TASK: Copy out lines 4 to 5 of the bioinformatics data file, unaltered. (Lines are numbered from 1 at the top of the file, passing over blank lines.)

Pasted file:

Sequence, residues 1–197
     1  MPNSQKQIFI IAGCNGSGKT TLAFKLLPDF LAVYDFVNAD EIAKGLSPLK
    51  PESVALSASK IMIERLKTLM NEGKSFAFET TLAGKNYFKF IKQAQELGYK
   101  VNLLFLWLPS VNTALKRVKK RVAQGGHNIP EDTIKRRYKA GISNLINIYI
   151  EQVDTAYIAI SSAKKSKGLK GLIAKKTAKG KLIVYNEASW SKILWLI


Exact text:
   101  VNLLFLWLPS VNTALKRVKK RVAQGGHNIP EDTIKRRYKA GISNLINIYI
   151  EQVDTAYIAI SSAKKSKGLK GLIAKKTAKG KLIVYNEASW SKILWLI